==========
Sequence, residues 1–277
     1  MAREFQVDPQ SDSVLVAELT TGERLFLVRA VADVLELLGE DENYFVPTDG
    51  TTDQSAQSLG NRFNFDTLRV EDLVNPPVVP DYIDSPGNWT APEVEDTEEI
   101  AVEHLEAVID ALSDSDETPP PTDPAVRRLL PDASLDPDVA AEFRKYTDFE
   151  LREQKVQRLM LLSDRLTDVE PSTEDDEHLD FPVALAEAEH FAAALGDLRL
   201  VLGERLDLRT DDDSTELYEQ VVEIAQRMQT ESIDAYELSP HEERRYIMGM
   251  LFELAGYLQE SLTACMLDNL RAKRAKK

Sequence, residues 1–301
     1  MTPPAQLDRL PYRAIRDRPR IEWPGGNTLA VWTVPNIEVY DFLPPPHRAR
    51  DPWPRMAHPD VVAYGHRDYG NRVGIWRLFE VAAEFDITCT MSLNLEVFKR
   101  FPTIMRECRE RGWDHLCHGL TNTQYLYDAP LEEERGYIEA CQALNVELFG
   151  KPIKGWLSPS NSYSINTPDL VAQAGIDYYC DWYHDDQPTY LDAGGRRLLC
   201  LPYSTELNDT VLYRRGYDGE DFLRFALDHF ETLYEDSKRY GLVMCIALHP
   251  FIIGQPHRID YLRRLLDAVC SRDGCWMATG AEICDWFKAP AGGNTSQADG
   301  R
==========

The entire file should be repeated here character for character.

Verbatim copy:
Sequence, residues 1–277
     1  MAREFQVDPQ SDSVLVAELT TGERLFLVRA VADVLELLGE DENYFVPTDG
    51  TTDQSAQSLG NRFNFDTLRV EDLVNPPVVP DYIDSPGNWT APEVEDTEEI
   101  AVEHLEAVID ALSDSDETPP PTDPAVRRLL PDASLDPDVA AEFRKYTDFE
   151  LREQKVQRLM LLSDRLTDVE PSTEDDEHLD FPVALAEAEH FAAALGDLRL
   201  VLGERLDLRT DDDSTELYEQ VVEIAQRMQT ESIDAYELSP HEERRYIMGM
   251  LFELAGYLQE SLTACMLDNL RAKRAKK

Sequence, residues 1–301
     1  MTPPAQLDRL PYRAIRDRPR IEWPGGNTLA VWTVPNIEVY DFLPPPHRAR
    51  DPWPRMAHPD VVAYGHRDYG NRVGIWRLFE VAAEFDITCT MSLNLEVFKR
   101  FPTIMRECRE RGWDHLCHGL TNTQYLYDAP LEEERGYIEA CQALNVELFG
   151  KPIKGWLSPS NSYSINTPDL VAQAGIDYYC DWYHDDQPTY LDAGGRRLLC
   201  LPYSTELNDT VLYRRGYDGE DFLRFALDHF ETLYEDSKRY GLVMCIALHP
   251  FIIGQPHRID YLRRLLDAVC SRDGCWMATG AEICDWFKAP AGGNTSQADG
   301  R